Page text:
College of Agriculture & Life Sciences, The University of Arizona
2005 COTTON REPORT
In response to higher market prices last spring, both Arizona and U.S. cotton growers increased their plantings and favorable weather conditions produced a record U.S. cotton crop of 23 million bales. However, the political and market winds were not nearly as favorable. The World Trade Organization (WTO) Appellate Body recently upheld a ruling that U.S. “production flexibility contracts” and “direct payments” are “trade-distorting domestic support” and can not be categorized as permissible “decoupled payments.” A steady increase in global production also forced the December 2004 Futures Contracts down from 70¢/lb. in January to less than 45¢/lb by November. However, Arizona cotton producers have demonstrated their agility to respond to challenges surrounding farm policy, global market conditions, and new production technologies in the past and they have done better than many expected.
Performance of new technologies and genetic varieties along with the continued efficacy of established technologies and practices, for production regimes that vary from the low desert of Yuma to the high desert elevations in Southeast Arizona are the focus of articles included in the 2005 University of Arizona Cotton Report. This report is intended to provide scientific and unbiased information that will empower the irrigated cotton industry, particularly producers, in Arizona and the desert Southwest to improve their economic vitality.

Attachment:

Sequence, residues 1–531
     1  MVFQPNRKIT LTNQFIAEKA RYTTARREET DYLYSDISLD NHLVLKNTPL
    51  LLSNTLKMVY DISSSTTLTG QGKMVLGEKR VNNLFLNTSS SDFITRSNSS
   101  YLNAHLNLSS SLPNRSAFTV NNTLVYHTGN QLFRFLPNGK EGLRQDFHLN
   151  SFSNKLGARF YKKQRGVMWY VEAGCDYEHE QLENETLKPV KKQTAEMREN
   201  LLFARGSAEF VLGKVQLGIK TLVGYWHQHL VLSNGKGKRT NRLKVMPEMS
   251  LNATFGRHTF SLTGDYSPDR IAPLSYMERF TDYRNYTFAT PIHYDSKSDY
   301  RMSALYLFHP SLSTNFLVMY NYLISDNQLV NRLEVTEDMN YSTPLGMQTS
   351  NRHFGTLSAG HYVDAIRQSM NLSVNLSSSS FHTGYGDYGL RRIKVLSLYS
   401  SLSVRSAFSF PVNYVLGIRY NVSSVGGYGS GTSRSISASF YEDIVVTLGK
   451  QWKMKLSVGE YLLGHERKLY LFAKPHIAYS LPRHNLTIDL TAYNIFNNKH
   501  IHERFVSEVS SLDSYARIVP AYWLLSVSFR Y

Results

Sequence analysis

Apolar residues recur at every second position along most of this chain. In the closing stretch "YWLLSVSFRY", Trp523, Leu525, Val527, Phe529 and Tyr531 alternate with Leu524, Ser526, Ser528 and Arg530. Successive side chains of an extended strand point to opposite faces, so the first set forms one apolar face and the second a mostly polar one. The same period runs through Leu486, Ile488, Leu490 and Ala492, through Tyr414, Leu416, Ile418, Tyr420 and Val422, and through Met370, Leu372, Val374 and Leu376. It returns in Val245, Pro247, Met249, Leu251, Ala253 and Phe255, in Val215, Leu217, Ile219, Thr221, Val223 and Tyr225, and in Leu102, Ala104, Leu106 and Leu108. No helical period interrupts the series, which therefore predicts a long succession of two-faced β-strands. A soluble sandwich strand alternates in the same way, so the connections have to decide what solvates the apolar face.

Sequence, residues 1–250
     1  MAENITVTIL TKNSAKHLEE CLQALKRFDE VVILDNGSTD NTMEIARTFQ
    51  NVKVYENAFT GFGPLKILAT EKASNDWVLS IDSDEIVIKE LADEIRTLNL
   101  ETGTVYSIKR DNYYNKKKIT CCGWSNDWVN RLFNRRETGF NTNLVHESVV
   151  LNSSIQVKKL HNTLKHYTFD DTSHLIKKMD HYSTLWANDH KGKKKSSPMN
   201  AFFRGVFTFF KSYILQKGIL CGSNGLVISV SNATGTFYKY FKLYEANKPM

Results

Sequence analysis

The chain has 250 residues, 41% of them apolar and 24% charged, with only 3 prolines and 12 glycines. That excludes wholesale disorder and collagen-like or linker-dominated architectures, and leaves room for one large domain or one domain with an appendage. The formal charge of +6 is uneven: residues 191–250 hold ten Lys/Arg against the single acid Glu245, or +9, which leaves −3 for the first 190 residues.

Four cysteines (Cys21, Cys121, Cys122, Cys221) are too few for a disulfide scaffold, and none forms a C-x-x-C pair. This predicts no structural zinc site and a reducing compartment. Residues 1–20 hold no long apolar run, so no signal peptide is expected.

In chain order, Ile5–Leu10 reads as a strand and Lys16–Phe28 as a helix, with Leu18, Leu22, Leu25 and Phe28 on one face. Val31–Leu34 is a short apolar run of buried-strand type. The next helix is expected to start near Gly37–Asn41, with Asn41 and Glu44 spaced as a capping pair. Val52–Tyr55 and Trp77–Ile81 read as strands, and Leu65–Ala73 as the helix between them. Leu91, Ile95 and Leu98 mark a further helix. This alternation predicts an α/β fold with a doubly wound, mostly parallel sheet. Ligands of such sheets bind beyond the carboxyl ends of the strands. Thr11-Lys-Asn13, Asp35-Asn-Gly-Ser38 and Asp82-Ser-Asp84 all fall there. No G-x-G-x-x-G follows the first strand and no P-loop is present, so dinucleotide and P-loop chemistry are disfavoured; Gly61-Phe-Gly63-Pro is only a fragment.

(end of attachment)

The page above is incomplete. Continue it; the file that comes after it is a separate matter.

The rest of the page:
The College of Agriculture and Life Sciences at the University of Arizona is proud to be a part of the agricultural community of Arizona. The efforts of many scientists, students, technicians, and grower-cooperators are highlighted in this Cotton Report.
The University of Arizona is an Equal
Opportunity/Affirmative Action Employer. Any products, services, or
organizations that are mentioned, shown, or indirectly implied in this
publication do not imply endorsement by the University of